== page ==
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Abstract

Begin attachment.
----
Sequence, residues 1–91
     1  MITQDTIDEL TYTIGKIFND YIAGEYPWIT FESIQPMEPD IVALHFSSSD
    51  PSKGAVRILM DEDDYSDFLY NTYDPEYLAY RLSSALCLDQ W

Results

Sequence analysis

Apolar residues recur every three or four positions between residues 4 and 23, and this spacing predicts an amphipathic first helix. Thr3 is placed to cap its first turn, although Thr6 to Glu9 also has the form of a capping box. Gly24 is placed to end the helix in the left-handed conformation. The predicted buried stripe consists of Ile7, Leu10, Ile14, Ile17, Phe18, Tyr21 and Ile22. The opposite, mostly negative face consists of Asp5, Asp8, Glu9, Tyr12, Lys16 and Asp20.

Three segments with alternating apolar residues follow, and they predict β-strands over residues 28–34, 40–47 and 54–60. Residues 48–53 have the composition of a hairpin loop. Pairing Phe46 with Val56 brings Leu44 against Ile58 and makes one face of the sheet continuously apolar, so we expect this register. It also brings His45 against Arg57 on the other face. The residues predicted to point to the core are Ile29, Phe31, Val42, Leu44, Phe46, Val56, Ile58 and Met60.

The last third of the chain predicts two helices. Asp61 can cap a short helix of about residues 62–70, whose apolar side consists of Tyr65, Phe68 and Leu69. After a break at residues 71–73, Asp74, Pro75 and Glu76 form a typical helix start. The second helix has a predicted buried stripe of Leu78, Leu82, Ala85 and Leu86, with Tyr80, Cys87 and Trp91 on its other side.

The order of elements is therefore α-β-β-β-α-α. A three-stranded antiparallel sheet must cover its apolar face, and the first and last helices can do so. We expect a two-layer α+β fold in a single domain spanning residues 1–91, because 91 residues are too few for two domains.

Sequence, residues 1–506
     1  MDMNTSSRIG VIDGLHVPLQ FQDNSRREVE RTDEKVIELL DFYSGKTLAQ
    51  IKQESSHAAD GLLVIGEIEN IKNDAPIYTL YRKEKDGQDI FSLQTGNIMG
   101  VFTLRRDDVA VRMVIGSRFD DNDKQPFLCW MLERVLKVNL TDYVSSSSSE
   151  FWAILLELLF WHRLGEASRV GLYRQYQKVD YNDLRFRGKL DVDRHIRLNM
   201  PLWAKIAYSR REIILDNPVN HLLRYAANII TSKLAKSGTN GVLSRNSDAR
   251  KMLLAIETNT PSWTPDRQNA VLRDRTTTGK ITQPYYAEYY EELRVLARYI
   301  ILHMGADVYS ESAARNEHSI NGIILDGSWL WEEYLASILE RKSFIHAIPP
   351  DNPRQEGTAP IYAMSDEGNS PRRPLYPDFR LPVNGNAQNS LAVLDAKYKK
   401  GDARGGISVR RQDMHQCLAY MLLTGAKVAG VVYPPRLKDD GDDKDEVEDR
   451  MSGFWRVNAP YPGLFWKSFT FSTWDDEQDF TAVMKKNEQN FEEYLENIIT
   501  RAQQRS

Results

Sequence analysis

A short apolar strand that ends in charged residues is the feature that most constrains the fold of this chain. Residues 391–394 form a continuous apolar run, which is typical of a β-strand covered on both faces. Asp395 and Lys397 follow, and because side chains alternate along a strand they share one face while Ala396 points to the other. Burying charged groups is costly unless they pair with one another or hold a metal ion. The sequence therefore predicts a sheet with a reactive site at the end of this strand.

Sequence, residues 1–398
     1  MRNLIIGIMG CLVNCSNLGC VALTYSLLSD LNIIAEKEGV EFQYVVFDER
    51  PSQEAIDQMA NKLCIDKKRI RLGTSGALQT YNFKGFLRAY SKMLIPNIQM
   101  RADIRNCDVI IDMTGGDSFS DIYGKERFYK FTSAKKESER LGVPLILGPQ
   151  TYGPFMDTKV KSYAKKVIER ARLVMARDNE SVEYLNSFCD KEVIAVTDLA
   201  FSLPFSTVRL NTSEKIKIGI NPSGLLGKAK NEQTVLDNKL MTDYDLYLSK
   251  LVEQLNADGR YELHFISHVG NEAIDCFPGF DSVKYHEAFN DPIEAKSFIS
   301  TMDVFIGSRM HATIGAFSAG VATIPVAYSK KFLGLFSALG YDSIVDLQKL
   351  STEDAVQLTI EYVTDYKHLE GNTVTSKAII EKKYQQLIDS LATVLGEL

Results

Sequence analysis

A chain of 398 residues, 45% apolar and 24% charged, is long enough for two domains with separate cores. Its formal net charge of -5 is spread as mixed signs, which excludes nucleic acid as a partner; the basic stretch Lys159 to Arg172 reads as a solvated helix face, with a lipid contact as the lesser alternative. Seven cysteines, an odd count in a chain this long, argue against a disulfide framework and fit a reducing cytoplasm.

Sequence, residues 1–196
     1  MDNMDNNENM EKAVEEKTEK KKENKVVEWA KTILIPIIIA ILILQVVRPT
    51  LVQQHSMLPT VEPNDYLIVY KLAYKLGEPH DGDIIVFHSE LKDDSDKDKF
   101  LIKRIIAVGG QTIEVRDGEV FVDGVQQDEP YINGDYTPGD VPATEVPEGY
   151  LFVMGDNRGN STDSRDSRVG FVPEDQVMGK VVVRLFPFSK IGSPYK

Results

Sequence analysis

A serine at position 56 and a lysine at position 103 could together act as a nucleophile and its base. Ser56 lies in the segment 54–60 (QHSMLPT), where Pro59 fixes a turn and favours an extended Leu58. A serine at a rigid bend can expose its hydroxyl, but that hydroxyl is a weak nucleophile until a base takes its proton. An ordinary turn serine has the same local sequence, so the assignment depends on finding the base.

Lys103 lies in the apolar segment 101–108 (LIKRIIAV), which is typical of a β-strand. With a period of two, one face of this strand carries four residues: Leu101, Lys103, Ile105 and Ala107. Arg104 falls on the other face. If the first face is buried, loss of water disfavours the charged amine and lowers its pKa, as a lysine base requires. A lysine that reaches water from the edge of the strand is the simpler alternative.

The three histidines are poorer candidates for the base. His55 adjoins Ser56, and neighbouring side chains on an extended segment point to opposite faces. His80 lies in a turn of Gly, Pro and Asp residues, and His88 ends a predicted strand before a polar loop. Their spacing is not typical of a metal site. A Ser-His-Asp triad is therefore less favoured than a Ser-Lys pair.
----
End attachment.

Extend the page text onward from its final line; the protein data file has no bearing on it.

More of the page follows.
Historical research on the spread of Christianity in colonial Northern Nigeria has been hampered by a focus on the wrong issues. The population of the colony was predominantly Muslim, but the colonial territory created by the British contained large populations of African traditionalist peoples. During the colonial era the British government prohibited Christian proselytization of Muslims. Historical research had focused on the battle between colonial administrators and missionaries over entry into Muslim areas, a battle missionaries lost. But during the colonial era Christian missions experienced real success in Christianizing traditionalist peoples. The colonial government also sought to impede this development, significantly by using the same rules that prohibited the proselytization of Muslims to prohibit the proselytization of traditionalists. This article makes the case that the government’s efforts to halt the spread of Christianity to traditionalists, not Muslims, should become the focus of new research.